The emerging MQ-25 Stingray carrier-launched drone is expected to nearly double the attack range of key ship-launched strike assets such as the F-35B and F-35C Joint Strike Fighters and F/A-18 Super Hornet.
The MQ-25 will be the first unmanned platform to launch and land on an aircraft carrier, allowing fighter jets to refuel in flight as they transit from carriers and amphibious ships to target areas ashore. For instance, if an F-35 stealth fighter can operate with a combat radius of roughly 300-to-500 miles, what if a survivable refueler could enable the fifth-generation aircraft to reach twice as far or spend twice as much “dwell time” above target areas?
This is the premise and promise of the MQ-25, which Chief of Naval Operations Adm. Michael Gilday recently revealed is now being fully integrated into the Navy’s carrier air wing. Gilday explained that the Navy is “maximizing domestic production lines” for the MQ-25, which will increase strike fighters’ range and mission scope by offering additional refueling options. Initial operating capability for the MQ-25 in the carrier air wing is expected in 2025.
By doubling the attack range of the U.S. Navy’s fighter jets, the service is able to project power across a larger threat envelope while also remaining outside the strike range of modern anti-ship missiles. For example, although the Navy has emphasized that it has the necessary layered defense technologies to operate wherever it needs to, concerns remain that China’s 1,000-mile-range “carrier-killer” missiles could pose a serious threat to its strike groups. And while it is unclear where these Chinese weapons are able to hit moving targets with a high degree of accuracy, the ability to attack from much greater stand-off ranges clearly multiplies the tactical options available to commanders.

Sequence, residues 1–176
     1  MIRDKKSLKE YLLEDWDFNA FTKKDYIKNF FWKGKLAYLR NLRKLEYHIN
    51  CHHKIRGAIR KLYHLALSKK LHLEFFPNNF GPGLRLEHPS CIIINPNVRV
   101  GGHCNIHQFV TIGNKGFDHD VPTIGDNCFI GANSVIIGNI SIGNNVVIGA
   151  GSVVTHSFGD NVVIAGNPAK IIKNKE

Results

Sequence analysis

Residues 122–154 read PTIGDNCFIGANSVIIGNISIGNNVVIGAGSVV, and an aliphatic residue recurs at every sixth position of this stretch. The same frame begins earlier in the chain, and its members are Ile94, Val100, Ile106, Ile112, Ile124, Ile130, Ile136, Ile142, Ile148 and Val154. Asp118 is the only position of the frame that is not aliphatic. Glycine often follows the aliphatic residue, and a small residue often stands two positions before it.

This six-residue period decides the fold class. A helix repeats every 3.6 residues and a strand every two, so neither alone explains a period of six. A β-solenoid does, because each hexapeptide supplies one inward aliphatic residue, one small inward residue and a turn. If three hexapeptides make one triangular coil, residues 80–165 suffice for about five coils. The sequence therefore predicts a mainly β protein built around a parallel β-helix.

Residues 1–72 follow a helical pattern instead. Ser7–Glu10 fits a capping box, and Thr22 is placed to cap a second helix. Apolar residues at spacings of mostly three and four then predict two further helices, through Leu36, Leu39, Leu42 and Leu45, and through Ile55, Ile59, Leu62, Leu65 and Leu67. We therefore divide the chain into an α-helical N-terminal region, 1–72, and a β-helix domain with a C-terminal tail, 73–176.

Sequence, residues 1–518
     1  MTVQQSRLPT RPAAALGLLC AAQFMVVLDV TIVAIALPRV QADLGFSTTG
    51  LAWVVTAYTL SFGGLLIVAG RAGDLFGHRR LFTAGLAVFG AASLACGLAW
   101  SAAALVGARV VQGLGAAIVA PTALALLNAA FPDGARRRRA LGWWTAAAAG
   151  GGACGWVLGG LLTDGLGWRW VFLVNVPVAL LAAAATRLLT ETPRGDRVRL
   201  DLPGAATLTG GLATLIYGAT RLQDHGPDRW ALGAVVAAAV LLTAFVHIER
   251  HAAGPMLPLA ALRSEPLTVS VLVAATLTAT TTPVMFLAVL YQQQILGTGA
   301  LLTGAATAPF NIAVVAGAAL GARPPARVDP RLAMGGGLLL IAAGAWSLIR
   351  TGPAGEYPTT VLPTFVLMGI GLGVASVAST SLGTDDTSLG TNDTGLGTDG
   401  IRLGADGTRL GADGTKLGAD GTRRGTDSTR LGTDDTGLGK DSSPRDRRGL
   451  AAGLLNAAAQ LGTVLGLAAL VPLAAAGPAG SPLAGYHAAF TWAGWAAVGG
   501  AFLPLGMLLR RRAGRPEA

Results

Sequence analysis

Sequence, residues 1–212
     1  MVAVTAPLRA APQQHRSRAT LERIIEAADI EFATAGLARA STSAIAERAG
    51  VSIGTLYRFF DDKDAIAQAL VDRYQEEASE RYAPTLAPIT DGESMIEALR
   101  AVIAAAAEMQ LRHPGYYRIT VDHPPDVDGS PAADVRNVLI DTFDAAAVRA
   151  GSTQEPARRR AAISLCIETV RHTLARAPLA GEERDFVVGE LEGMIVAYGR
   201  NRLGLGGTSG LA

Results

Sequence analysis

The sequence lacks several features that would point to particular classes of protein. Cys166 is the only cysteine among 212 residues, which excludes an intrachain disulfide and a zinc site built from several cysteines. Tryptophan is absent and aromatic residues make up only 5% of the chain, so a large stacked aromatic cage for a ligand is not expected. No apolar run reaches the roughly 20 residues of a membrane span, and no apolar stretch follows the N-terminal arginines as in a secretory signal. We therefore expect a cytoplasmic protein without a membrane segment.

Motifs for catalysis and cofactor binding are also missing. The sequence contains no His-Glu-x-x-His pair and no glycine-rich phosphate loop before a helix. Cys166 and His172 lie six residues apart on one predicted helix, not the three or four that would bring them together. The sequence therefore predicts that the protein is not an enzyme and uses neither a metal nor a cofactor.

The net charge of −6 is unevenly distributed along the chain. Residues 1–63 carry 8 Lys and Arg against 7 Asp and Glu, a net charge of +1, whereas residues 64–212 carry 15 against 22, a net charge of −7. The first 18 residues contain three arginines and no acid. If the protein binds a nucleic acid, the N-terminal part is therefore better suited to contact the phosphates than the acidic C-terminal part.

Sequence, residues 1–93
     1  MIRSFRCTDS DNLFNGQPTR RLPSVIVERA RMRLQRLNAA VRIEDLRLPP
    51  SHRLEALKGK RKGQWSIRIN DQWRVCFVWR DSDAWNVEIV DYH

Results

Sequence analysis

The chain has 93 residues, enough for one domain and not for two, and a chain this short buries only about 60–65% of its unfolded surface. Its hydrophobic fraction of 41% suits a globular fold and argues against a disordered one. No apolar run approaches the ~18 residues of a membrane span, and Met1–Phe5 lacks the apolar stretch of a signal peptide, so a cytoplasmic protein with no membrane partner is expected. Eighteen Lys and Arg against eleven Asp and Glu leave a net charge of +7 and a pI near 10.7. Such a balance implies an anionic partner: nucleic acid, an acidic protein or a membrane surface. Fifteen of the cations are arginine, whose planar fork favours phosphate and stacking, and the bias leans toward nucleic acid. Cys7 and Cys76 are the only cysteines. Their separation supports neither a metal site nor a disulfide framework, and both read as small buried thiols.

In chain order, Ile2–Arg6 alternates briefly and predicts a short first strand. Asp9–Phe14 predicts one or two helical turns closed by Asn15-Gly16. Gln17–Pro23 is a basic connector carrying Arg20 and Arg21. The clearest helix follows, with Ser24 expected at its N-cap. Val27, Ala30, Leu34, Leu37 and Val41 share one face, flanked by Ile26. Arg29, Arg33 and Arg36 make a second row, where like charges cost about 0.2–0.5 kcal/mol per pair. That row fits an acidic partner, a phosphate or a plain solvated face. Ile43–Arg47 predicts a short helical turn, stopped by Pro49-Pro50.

The Stingray’s stealth configuration brings yet another advantage to high-threat maritime warfare. With a blended and rounded wing-body fuselage configuration and horizontal shape absent protruding vertical structures, the MQ-25 will certainly be less vulnerable to detection by enemy radar. This not only means that it can reach at-sea locations that are much less accessible to land-launched refuelers, but it is also much more survivable than larger, fixed-wing tanker aircraft which will be juicy targets for enemy anti-aircraft capabilities.
Kris Osborn is the defense editor for the National Interest. Osborn previously served at the Pentagon as a Highly Qualified Expert with the Office of the Assistant Secretary of the Army—Acquisition, Logistics & Technology. Osborn has also worked as an anchor and on-air military specialist at national TV networks. He has appeared as a guest military expert on Fox News, MSNBC, The Military Channel, and The History Channel. He also has a Master's Degree in Comparative Literature from Columbia University.